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The Lessons of History Paperback – February 16, 2010
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From Library Journal
This series of 13 essays on the themes and underlying lessons of history was originally written as part of the authors' 11-volume The Story of Civilization (1935-75). The Durants begin by summarizing periods and trends in history. They examine morals and draw conclusions by looking into changes in economics, politics, military customs, and even geographic location. Russ Holcomb reads these essays in a clear, pleasant voice, bringing life and interest to this brief overview of 5000 years of history. For general collections.
Miriam Kahn, Columbus, Ohio
Copyright 1994 Reed Business Information, Inc. --This text refers to the Audio CD edition.
"The Durants' masterpiece belongs in any home library and occupies a shelf in many."
--Dana D. Kelley, Arkansas Democrat-Gazette
Top Customer Reviews
The paradox is not really paradoxical at all. Obscene wealth in the hands of a very few causes unrest (and eventually revolution) among the obscenely poor. On the other hand, if industry and talent are not rewarded, culture stagnates. Durant gives the fall of the Roman Republic as an example of an obscenely rich aristocracy committing political suicide by refusing to peacefully redistribute some of their wealth to the poor. The economic stagnation of Communist East Europe serves as an example of what happens when you stop the natural flow of wealth back to the talented and industrious.
Durant makes some statements that would get him lynched in the 21st Century American media. E.g. "Only those who are below average really want equality."
Durant is probably most accurately classified as an agnostic, but he says that on balance, religion has done far more good than harm for civilization. Durant contends that civilizations and cultures decline and die when they lose their moral compass. And they lose their moral compass when they lose their religion. Simply put, those contemplating crime are more likely to be detered by the wrath of God than the long arm of the law.
Durant voices many other thought-provoking opinions. You may not agree with everything he says (his wife doesn't), but you will certainly be stimulated to deep thought by what he says.
I was somewhat amused by the interviews interspersed among the chapters. The reverential awe shown by Durant's interviewer was quite neatly counterbalanced by the sardonic wit of Durant's wife, Ariel. When Durant said something she didn't agree with, she let you know about it and gave excellent reasons for her disagreement. Durant quite wisely did what any intelligent husband would do. He almost always let her have the last word.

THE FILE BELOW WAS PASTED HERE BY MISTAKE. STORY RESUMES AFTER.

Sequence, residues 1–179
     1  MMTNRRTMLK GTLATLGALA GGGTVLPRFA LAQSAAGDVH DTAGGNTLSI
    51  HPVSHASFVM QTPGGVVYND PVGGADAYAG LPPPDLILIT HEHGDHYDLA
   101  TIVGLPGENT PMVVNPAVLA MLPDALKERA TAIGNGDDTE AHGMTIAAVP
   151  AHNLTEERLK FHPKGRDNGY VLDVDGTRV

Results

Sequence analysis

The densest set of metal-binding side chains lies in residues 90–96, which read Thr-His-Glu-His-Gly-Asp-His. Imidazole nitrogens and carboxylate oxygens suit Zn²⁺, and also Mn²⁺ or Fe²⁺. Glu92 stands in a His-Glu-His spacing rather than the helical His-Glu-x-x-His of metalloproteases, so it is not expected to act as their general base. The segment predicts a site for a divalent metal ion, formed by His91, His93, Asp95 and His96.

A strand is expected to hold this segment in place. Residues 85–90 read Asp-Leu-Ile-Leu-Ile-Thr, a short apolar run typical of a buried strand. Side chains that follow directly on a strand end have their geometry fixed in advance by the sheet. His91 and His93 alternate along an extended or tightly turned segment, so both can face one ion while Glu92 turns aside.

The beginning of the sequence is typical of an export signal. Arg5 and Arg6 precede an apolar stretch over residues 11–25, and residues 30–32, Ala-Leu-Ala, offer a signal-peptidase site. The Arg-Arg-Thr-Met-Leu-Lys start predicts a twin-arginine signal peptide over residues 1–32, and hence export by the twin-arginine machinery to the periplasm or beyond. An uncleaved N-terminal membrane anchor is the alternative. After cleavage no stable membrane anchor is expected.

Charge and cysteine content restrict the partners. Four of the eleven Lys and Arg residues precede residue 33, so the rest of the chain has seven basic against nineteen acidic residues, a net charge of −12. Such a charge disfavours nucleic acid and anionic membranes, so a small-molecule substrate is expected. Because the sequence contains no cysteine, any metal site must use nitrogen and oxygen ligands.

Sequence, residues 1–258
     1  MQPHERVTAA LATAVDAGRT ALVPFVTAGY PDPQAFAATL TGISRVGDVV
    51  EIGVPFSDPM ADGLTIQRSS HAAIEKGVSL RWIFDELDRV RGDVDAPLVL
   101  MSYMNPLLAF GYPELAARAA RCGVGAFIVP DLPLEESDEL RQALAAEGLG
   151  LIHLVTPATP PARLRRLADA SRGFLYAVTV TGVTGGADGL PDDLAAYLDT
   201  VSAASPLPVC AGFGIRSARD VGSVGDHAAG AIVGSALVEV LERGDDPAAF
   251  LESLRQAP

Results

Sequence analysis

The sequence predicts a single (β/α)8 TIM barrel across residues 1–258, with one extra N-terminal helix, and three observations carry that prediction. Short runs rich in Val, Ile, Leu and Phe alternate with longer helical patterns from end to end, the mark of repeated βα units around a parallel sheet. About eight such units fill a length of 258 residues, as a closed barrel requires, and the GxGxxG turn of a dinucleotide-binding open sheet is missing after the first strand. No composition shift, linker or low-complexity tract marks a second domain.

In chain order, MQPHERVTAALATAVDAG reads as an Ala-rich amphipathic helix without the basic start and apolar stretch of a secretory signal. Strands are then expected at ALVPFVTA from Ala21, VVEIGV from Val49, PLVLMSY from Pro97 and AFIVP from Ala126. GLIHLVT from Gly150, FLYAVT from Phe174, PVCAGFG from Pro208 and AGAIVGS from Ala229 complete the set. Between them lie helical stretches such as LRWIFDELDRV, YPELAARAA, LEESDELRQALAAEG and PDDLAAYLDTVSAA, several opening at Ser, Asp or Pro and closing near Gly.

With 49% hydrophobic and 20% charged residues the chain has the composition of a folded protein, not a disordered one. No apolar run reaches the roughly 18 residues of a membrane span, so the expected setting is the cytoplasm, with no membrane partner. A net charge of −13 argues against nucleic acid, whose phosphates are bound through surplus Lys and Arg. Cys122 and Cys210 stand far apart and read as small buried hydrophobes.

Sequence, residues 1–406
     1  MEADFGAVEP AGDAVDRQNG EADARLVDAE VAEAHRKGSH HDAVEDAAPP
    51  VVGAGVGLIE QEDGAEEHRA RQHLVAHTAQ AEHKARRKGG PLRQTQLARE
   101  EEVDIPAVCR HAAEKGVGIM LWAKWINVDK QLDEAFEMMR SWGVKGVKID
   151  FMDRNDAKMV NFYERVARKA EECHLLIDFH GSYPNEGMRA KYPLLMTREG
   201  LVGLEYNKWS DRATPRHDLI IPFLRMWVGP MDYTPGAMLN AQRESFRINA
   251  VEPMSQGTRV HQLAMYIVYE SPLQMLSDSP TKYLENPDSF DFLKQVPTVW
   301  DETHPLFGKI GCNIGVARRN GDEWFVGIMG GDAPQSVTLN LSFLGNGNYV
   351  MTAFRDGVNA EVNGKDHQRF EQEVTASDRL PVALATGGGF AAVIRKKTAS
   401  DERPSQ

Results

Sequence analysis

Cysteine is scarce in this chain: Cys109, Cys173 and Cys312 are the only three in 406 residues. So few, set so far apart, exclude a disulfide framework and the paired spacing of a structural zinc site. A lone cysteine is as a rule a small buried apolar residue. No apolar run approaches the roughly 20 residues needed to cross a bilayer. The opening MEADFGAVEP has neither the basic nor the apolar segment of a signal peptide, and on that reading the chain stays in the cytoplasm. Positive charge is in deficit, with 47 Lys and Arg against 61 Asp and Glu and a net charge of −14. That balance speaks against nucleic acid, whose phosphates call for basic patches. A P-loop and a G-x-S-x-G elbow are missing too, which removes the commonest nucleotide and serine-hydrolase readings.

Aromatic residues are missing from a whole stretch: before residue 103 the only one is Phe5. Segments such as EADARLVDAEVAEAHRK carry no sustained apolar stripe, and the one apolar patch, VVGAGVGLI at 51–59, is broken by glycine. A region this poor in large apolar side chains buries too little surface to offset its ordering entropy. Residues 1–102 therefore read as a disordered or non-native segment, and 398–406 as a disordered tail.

Within this delightful book, one can view the enormous panorama of human civilization as it developed from, and was formed by, the matrices of geography, religion, science, war, and a host of other factors. The Durant's, in a writing style that should have been copyrighted, provide the reader with an engaging view of humanity that few readers will come away from without being touched and awed. To be sure, the Durant's works have had a few (very few) detractors, but they were almost entirely high-browed academics in narrow research areas who most likely envied them their commercial success. If I could give this synopsis of 100 centuries of history more than 5 stars I'd do it in a nanosecond.
The goal was not to summarize 3,421 years of recorded history in a hundred pages. That would have been silly. The goal was to give some thought to what means to study history; how important is to know our heritage; can we understand our nature and the relations between individuals or between groups or nations just by analysing the past; can the acumulated human experience tell us where are we heading to?
The book was first published in 1968, the worse phase of the cold war, when any perspective of future seemed rather dark and the uncertainties of the period certainly permeate the book.
The book might be considered biased and conservative but that is fair game since the authors warn us about that on the first chapter, "Hesitations". "Historian are not free from bias and prejudice", they say and "most history is guessing, and the rest is prejudice".
The book was written with great care. The sentences are powerful, elegant, concise and insightful. It brings noteworthy quotes and is itself very quotable. A book to be read and appreciated several times.
Leonardo Alves - January 2001